I loved superheroes when I was a kid, way back in the 1970s. My brother and I never missed the Batman cartoon show on Saturday mornings. We’d spend the rest of the morning running around the house with sheets tied around our necks. In my tweens and teens I devoured my favorite comic books, Spider-man and Batman. I’ve passed my love for superheroes to at least one of my kids. My nine-year old, for example, dreams up stories for his very own super team, The Ferocious Five.
Superheroes are more popular than ever. Today we have so many ways to sate the superhero craving. Comic books are serious business these days with really high production values--and a corresponding price point. Some of the most successful programs on television are superhero shows, and not just the ones for kids. And, of course, more than anything else, the serial movies featuring the Avengers, Superman, Thor, Ironman, the X-men, and my favorites still, Spider-man and Batman, are ushering in a second golden age for superheroes.
For all this excitement and fantasy about superheroes, we seldom give much thought to real heroism. We generally recognize it when we see it, but it never looks like the spectacular thing pop culture envisions. If anyone actually tries to be a hero the attempt usually blows-up in his face. Heroes, it seems, just happen. A grandmother working at a supermarket saves a man from a burning van. A young U.S. Marine throws himself on a live grenade in Afghanistan saving his friends at great cost to himself. A man falls off the platform onto the subway tracks in front of an oncoming train, another passenger jumps down to pull the man to safety. All of these people are real life heroes. But none of them expected to be a hero even in the moments before acting. And none of them sought accolades for their actions (the Marine received a Medal of Honor). Each just happened to be in the right place, at the right time, doing the right thing, almost as if by appointment.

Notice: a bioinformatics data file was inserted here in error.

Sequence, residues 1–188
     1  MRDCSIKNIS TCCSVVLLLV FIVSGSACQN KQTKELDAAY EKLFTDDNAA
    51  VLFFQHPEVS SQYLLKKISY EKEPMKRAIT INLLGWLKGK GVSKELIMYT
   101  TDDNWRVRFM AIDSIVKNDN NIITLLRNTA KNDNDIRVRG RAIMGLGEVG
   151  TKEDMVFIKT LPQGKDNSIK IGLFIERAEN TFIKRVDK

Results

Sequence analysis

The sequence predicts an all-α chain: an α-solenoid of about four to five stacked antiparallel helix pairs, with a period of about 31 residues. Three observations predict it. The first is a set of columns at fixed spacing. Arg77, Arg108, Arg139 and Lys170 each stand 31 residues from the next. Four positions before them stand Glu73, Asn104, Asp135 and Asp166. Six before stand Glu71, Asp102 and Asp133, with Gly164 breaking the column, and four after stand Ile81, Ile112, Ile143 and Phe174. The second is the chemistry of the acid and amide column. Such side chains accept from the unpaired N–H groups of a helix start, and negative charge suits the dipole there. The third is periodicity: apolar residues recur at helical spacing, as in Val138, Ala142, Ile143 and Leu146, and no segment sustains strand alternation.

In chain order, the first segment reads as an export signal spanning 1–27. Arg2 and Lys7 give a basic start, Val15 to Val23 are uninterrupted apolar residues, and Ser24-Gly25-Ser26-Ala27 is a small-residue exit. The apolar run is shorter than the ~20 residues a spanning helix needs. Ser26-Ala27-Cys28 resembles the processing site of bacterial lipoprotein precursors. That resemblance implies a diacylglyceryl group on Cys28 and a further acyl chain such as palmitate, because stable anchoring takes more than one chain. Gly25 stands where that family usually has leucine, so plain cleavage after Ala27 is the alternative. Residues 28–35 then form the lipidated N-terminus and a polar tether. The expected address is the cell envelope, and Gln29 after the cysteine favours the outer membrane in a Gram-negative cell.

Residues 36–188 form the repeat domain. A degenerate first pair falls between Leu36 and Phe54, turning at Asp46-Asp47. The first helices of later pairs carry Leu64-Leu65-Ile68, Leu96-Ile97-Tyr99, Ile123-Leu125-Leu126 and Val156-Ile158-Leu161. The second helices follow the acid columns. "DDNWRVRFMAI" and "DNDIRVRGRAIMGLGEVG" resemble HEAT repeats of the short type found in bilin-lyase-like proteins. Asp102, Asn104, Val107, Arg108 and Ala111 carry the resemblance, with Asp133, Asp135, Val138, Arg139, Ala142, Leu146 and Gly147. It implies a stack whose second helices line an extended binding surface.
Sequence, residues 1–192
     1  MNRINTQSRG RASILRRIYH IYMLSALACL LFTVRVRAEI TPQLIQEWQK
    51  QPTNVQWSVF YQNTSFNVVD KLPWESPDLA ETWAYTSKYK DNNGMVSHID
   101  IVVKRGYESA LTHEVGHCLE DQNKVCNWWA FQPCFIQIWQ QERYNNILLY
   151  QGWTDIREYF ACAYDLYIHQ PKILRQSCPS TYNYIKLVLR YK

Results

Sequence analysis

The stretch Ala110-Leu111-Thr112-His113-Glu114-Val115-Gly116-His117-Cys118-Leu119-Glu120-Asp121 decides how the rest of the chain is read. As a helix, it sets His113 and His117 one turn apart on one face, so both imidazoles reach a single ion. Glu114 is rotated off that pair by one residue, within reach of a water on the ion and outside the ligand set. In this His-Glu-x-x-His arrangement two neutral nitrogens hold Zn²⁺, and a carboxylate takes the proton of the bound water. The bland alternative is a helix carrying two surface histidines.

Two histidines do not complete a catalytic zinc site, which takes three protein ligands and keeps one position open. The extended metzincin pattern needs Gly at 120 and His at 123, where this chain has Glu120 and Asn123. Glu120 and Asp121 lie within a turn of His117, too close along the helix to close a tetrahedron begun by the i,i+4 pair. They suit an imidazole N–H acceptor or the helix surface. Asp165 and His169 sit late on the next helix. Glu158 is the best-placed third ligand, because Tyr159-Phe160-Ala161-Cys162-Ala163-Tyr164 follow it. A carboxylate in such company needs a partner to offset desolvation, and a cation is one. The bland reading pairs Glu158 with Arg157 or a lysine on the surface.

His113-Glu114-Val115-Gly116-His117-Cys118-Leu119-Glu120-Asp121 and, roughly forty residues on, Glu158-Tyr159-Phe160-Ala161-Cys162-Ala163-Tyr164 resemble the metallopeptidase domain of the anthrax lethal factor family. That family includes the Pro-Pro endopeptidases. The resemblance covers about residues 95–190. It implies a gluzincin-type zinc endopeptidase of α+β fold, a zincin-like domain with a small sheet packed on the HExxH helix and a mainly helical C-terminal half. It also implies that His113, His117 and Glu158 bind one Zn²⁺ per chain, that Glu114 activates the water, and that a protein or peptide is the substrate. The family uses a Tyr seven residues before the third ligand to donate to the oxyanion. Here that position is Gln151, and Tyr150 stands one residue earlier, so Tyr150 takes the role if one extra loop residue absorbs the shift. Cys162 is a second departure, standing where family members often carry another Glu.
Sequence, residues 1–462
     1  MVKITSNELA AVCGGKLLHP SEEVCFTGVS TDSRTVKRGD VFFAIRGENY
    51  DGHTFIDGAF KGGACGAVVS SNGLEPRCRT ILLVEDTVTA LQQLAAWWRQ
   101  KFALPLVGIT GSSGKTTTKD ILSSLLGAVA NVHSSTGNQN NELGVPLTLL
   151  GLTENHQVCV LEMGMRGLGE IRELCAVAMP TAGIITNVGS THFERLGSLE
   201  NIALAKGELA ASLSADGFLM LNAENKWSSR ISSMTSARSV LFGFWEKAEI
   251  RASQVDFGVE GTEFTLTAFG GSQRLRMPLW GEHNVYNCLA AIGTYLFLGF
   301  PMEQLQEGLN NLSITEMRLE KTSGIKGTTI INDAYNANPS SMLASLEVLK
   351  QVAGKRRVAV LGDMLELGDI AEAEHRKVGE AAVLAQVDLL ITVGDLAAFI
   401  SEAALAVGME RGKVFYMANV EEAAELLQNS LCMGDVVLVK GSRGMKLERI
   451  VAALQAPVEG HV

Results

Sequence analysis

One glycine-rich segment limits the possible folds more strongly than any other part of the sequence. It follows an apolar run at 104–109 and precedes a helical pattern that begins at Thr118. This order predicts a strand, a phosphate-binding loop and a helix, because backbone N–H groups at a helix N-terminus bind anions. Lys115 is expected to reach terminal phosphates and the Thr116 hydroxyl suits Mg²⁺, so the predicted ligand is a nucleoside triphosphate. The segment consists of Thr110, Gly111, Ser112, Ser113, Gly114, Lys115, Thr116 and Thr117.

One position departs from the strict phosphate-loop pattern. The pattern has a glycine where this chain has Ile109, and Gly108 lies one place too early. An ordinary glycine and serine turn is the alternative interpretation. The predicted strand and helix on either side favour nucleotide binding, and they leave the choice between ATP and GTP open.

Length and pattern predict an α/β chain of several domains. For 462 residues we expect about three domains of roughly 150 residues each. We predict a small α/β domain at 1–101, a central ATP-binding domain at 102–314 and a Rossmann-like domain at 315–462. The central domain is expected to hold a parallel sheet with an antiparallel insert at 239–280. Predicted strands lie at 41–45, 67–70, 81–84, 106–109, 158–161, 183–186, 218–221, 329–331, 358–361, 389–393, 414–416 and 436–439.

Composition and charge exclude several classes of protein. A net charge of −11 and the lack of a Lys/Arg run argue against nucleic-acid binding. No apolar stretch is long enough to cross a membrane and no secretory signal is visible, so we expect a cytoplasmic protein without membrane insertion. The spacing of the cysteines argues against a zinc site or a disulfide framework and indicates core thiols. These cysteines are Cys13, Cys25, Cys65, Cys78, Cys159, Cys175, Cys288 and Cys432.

Of course, in every case, it was indeed an appointment: one set by a sovereign God. That grandmother who saved the man from a fiery death was where God put her; she responded to God by doing the right thing, at the time He orchestrated, so that His will would prevail over that of by His enemy (Job 42:2). It’s fun to play at being a hero or to enjoy superhero shows, movies, and games. But, when I talk seriously about heroism with my kids, I emphasize that the true heroics that seemingly happen by chance are not by chance at all. I encourage them to live so they can respond to the appointments God sets for them, and to do the right thing, whether great or small, to bear fruit for God’s Kingdom to His praise and glory. Christ is the true, great hero of God’s story, and we, God’s children, have roles in His story. He may call any one of us to be the hero in the scene at any “such a time as this” (Esther 4:14 ESV).
My colleague and friend at ReFrame Media, Ron VandenBurg, Senior Producer for Kids Corner at ReFrame Media, writes more about teaching kids about true heroism in his article, God’s Kind of Hero. Right now, Kids Corner is offering free resources for family devotions and teaching--for “such a time as this,” when the prevalence of superheroes in pop culture opens the door to great teaching moments. Check out the super-fun series from Kids Corner.